Issue Date: April 14, 2014 | Web Date: April 11, 2014
New Brominated Flame Retardant Found In Electronics
A team of scientists using a rapid screening test have detected a new type of brominated flame retardant in homes—the first such compound found since 2008. They think manufacturers are using it to replace flame retardants that were phased out or banned in Europe and in the U.S.
The old class of flame retardants, called polybrominated diphenyl ethers (PBDEs), was removed from circulation between 2002 and 2008 because of concerns about neurotoxicity and disruption of hormone signaling. Manufacturers aren’t required to report the flame retardants they use in consumer products, so scientists have been monitoring products for the introduction of alternative compounds.
To that end, Ana María Ballesteros-Gómez, an analytical environmental chemist at VU University Amsterdam, and her colleagues developed a rapid screening process based on mass spectrometry. It involves scratching the surface of plastic products with a probe to release fine particles into the inlet of a high-resolution time-of-flight mass spectrometer. Her team used the method to analyze 13 electronic products made since 2012, including televisions, power strips, and a vacuum cleaner. They also tested 13 products made before 2006, when PBDEs were still in use.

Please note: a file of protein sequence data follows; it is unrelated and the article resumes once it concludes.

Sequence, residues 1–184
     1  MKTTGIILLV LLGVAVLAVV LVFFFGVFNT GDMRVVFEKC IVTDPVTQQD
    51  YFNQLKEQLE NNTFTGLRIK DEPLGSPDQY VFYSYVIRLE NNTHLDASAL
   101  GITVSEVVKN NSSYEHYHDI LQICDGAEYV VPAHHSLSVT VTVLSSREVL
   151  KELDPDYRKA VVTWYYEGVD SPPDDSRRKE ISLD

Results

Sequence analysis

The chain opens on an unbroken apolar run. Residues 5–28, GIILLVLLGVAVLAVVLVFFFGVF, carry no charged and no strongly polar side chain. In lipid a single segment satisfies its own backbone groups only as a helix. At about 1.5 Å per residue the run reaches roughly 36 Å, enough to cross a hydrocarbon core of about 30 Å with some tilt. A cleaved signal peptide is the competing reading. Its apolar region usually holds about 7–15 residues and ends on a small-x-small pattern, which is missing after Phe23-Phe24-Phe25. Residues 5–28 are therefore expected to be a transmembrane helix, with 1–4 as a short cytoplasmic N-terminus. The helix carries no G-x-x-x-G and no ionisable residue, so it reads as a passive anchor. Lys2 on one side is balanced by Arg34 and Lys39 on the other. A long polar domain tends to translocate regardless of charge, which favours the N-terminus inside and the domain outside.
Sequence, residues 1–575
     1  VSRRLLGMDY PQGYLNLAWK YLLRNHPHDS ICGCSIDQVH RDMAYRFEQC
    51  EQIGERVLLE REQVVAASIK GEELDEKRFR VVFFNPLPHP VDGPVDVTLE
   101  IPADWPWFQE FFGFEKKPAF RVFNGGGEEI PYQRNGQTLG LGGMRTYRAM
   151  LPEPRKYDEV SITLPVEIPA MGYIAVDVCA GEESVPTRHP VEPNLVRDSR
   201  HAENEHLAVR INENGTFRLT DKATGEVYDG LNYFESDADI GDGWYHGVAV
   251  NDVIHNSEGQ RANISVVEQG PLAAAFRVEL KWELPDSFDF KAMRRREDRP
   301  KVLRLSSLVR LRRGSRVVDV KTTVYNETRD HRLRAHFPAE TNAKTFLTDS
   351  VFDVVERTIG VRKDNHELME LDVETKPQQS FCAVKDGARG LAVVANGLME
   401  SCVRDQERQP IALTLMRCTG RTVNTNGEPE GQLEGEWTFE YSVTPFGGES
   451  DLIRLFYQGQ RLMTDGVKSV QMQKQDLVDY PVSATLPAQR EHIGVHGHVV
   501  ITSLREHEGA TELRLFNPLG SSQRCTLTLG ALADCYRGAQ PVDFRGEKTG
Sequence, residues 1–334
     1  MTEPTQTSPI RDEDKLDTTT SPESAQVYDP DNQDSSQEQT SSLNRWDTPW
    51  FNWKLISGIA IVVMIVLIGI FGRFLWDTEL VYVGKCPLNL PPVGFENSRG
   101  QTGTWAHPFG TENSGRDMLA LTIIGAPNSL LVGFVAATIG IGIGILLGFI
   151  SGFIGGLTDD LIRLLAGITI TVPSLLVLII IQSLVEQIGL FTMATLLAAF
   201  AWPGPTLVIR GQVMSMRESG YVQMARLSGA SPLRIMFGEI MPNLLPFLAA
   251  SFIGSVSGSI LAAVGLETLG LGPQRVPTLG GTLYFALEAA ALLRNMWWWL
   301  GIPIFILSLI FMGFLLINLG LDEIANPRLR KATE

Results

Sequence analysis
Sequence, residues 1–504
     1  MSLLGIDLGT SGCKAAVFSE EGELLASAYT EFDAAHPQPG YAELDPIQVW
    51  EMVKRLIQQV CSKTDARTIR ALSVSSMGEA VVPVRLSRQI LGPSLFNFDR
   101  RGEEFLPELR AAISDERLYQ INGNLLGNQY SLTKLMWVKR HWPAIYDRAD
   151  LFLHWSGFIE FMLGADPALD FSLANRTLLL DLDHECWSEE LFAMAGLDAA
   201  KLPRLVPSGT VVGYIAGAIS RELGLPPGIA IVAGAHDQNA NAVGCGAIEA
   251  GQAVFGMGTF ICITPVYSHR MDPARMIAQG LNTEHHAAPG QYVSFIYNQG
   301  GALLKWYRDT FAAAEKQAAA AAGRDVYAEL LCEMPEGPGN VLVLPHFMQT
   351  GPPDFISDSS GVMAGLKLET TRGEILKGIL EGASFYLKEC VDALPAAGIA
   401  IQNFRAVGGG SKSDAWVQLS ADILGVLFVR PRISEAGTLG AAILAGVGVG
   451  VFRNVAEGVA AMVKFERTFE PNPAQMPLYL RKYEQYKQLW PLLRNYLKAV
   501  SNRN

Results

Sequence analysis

On the basis of the mass spectra and other data, they identified the compound 2,4,6-tris(2,4,6-tribromophenoxy)-1,3,5-triazine (TTBP-TAZ) in eight of the 13 new products at levels of up to 1.9% by weight of the product (Environ. Sci. Technol. 2014, DOI: 10.1021/es4057032). The researchers couldn’t find TTBP-TAZ in the older plastics, suggesting it is replacing the banned PBDEs, Ballesteros-Gómez says.
The team also detected TTBP-TAZ in samples of dust from nine Dutch homes, making it the first new brominated flame retardant found in households since tetrabromobisphenol A bis(2, 3-dibromopropyl ether) in 2008, the researchers say. That flame retardant is also used in plastic goods.
The European Union and the U.S. do not consider TTBP-TAZ to be toxic. But it shares structural properties with PBDEs, says Heather M. Stapleton, an environmental chemist at Duke University. Both Stapleton and Ballesteros-Gómez argue that more research is needed to determine if TTBP-TAZ is safe, because the toxicity of PBDEs wasn’t fully understood until scientists studied them in depth.
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